Earth’s magnetic field could provide drone navigation alternative to satellite GPS

Magnetic navigation techniques used by animals could allow drones to find their way without maps or satellite navigation.

Research by the US Air Force published in the journal Bioinspiration and Biomimetics, used computer modelling to investigate how animals used magnetic properties as a type of waypoint.

Study author Dr Brian Taylor of the US Air Force Research Laboratory said the aims of this study were two-fold: to better understand how animals use the Earth’s magnetic field to aid in navigation; and to understand how those methods could be applied to help autonomous vehicles navigate without artificial external aides such as GPS.

“This concept has been put forward before through various experimental work with artificial magnetic fields, and simulation work that examines an animal’s motion in the context of ocean current motion and the magnetic field,” said Dr Taylor.

Using software simulation to execute several closed loops around a series of goal locations, in a variety of environmental and system conditions, Dr Taylor’s findings show how an animal might navigate using magnetic signatures as waypoints, and other concepts that an engineered system might use for navigation.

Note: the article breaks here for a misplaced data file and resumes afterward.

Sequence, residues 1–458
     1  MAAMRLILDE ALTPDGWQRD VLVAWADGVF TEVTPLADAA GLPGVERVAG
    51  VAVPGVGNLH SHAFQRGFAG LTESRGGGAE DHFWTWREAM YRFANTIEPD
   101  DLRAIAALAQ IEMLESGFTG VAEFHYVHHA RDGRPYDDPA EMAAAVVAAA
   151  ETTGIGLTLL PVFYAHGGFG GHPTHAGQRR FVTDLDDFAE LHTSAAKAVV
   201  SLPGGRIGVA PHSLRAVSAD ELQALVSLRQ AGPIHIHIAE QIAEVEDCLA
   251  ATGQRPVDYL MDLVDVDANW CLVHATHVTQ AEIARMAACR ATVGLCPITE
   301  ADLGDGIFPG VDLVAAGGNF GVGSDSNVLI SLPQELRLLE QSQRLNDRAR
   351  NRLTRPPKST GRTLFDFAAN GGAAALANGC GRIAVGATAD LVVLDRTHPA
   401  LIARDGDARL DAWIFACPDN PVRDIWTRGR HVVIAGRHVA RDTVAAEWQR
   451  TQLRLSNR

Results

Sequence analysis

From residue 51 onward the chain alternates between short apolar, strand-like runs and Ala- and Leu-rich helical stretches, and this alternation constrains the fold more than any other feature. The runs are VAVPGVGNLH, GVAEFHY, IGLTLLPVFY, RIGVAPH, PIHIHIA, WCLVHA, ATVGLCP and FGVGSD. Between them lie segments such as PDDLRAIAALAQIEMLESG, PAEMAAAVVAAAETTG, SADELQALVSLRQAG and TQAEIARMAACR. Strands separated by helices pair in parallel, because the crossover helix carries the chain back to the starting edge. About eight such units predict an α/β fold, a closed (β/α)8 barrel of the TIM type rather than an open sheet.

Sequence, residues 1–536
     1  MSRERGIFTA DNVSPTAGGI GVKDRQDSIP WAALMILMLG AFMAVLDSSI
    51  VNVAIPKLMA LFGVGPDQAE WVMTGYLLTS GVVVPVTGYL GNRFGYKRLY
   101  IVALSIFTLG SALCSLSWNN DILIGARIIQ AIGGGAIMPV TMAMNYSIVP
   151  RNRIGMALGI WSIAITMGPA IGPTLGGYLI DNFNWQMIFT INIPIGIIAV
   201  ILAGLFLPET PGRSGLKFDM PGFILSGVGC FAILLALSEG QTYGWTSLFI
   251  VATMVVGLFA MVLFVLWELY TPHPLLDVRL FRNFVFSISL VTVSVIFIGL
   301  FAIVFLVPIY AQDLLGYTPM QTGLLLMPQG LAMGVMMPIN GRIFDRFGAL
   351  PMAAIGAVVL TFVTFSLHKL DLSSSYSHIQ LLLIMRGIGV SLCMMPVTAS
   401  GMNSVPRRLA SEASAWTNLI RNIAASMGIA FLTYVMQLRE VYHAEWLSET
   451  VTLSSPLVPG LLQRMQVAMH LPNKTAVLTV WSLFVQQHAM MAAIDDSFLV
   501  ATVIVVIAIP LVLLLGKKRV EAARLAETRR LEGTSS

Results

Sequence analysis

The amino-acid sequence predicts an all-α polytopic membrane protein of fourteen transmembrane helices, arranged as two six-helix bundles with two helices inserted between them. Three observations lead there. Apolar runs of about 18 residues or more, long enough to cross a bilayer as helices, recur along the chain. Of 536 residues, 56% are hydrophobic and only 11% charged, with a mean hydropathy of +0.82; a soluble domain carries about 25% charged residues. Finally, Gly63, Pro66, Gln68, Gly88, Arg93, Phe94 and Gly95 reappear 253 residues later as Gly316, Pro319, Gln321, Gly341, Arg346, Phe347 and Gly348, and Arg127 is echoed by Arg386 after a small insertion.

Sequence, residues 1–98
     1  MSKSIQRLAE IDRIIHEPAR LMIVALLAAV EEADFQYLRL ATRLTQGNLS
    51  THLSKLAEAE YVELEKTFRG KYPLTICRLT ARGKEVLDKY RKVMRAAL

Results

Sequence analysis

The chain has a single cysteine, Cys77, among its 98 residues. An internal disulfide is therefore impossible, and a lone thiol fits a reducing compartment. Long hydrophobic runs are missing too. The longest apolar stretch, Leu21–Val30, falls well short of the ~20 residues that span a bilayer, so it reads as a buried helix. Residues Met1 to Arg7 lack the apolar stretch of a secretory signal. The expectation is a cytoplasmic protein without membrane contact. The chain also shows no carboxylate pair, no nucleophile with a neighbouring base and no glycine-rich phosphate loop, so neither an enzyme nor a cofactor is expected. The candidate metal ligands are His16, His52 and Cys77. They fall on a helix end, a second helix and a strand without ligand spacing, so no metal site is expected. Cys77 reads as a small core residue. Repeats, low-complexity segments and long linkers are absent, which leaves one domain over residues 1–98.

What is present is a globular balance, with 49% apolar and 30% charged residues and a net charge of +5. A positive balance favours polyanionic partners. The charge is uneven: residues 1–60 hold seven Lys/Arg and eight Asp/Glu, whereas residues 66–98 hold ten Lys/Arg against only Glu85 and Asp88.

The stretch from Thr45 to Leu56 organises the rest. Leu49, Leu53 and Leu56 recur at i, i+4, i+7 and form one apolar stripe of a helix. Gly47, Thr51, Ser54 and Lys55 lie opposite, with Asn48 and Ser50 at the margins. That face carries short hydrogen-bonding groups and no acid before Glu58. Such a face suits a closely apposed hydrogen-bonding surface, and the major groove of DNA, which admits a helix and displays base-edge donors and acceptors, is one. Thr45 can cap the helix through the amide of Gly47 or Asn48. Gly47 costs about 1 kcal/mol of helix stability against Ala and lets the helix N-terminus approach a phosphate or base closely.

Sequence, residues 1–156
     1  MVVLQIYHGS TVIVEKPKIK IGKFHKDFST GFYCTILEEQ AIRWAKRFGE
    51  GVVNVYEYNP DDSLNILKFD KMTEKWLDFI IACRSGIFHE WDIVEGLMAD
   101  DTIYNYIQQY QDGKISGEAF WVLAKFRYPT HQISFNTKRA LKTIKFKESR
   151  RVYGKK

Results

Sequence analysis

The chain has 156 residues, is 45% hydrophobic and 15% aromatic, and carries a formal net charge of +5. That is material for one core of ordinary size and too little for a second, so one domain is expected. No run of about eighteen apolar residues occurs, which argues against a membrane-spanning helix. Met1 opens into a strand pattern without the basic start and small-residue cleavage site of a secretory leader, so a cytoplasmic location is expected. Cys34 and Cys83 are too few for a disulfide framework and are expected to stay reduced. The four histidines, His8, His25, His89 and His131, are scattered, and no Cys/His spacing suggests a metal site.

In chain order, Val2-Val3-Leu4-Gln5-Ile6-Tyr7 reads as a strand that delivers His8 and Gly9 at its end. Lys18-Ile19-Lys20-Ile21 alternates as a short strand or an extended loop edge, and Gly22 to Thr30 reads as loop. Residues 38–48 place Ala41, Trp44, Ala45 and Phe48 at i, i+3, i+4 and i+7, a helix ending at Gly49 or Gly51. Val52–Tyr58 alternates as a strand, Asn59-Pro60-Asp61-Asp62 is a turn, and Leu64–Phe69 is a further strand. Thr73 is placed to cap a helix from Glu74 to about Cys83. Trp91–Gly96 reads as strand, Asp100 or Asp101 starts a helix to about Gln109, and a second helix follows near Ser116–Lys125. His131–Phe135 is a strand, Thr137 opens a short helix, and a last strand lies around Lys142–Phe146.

“From an engineering perspective, the results show how a simple algorithm with little prior knowledge of its environment can successfully navigate to different specified points,” said Dr Taylor.

“If multimodal sensing is used for distinct phases of navigation (e.g., magnetoreception for midcourse navigation and vision for terminal guidance), this approach may provide a way for engineered systems to autonomously navigate without external positioning aides.

“Because the algorithm only has limited prior environment knowledge, a detailed map does not necessarily need to be created or maintained prior to a task or mission, which can save on resources, and is promising for situations where creating the map would be logistically difficult.”

Dr Taylor concluded: “Along the same lines of considering cost, size, weight, and power, the results show that, under the right circumstances, it may be possible for this type of algorithm to succeed without needing a high measurement frequency. This could ease the computational burden of running the algorithm in a real-time/online setting where resources are limited.”

Posted in Innovation, Navigation, News

Leave a Reply

Your email address will not be published. Required fields are marked *